If so, the 700 lots from Spetchley Park offered at Chorley’s (22.5% buyer’s premium) were the most nutritious of crumbs.
The first tranche of pieces surplus to requirements at the manor was sold at Sotheby’s in December (ATG No 2425), raising £3.1m towards restoration planned by the latest generation of Berkeleys to move into the family seat in Worcestershire.
The second 700 items were offered at Prinknash Abbey, Cheltenham, on January 28 in an Attic Sale.
That title perhaps understated the contents, which raised nearly £450,000 hammer with an enthusiastic 92% take-up in an atmosphere reminiscent of an old-style country house contents sale.
“What remains of those [increasingly rare] contents sales today is the excitement they can still engender,” said auctioneer Thomas Jenner-Fust.
“With historic collections under the hammer for the first time they are excellent opportunities for historians, collectors and locals alike to acquire a piece of British history with significant provenance.”
Well above hopes
Topping the day at £17,000 against a £1500-2000 estimate was the early 17th century Limoges enamel draw purse featured as Pick of the Week, ATG No 2428.
With interest from the trade and collectors and from the Continent as well as the UK, items across the range of collecting also went way above hopes.
“Estimates were intended to be tempting but the lure of the country house sale also meant generally increased prices,” said Jenner-Fust.
Among the horology was a rare 17th century silver pair-cased pocket watch signed Richard Masterson, Londini (fl.1630-53). Condition – ‘movement not working, dent and split to the case, badly rubbed shagreen outer case’ – kept the estimate down to £1000-1500 – but watch and case were completely original and went to the UK trade at £8500.
Condition was also a problem with a Mughal sword found in the cellars at Spetchley. The jade handle was damaged and the gold-inlaid, 2ft 4in (71.5cm) blade bearing a Glagolitic inscription was rusted.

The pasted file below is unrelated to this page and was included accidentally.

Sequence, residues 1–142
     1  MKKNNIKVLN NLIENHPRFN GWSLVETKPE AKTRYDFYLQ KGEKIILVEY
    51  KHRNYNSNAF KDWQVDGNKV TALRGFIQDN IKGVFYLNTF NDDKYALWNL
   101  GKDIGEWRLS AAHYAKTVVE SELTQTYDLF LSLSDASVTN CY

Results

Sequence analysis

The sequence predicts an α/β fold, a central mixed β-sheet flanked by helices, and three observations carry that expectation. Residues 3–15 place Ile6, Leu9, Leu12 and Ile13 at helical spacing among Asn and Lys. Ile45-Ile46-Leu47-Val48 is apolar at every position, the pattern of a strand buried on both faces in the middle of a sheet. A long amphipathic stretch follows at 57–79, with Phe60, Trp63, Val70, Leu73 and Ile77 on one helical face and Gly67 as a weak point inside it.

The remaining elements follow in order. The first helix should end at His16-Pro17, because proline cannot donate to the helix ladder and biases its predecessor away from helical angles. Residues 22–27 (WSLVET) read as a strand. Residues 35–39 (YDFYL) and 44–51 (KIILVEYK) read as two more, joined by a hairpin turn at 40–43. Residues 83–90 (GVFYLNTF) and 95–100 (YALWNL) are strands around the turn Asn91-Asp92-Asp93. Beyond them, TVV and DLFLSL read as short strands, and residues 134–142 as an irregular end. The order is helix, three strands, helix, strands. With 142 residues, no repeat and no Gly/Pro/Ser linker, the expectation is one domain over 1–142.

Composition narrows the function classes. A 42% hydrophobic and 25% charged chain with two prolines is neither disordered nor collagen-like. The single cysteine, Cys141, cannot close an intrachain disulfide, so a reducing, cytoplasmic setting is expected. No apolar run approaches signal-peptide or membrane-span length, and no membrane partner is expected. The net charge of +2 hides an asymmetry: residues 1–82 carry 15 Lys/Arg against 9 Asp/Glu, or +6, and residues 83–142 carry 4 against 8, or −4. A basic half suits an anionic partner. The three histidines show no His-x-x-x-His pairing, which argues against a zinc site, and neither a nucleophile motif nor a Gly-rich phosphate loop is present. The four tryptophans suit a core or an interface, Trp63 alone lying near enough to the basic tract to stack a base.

However, it was clearly once of great quality and interest from the US and the UK pushed bidding well past £600-800 before the sword sold to a central European dealer on the phone at £7500.
An earlier online battle between a German and a Spaniard pushed bidding way past the £400-600 estimate on a (probably 19th century Spanish) replica of a medieval gothic censer. The 10½in (27cm) high piece had minor condition issues, with five small pinnacles missing from the upper section. However, bidding was well into four figures before a UK dealer in the room stepped into the fray and took the censer at £7800.
Cellar stellar discovery
International rivalry accounted for the day’s biggest surprise – another piece to emerge in extremely dirty state from the Spetchley cellars.
This was a 14in x 3ft 7in (36cm x 1.1m) terracotta or plaster and wood relief of The Last Supper (illustrated in Bid Barometer, ATG No 2328). Catalogued as 17th century style, it had some damage including one head missing. Nevertheless, strong bidding emerged from the Portuguese and London trade before the relief, estimated at £60-80, sold to a French online bidder at £6000.
Another religious relief was a 19th century Italian ivory work after Algardi. In a 2ft (61cm) tall ebonised and giltwood later frame, it had minor condition issues, but a dealer won an all-Italian battle with an online bid of £3800.
The 10-times estimate bid on another overseas item was less of a surprise – it being a piece of Chinese porcelain. A 4¼in (11cm) long Qianlong libation cup with a bat to the lip and shou symbols in reticulated panels to the sides, it had only a couple of tiny chips and, against a Chinese online underbidder, went to a UK dealer in the room at £4800.
Quintessentially English, an 18th century needlework picture also went more than 10 times above top hopes.
The 10½ x 14in (27 x 36cm) slightly faded work, depicting a musician and companion beneath an oak surrounded by exotic beasts, drew bids from across the UK and sold to a dealer on the phone at £4200.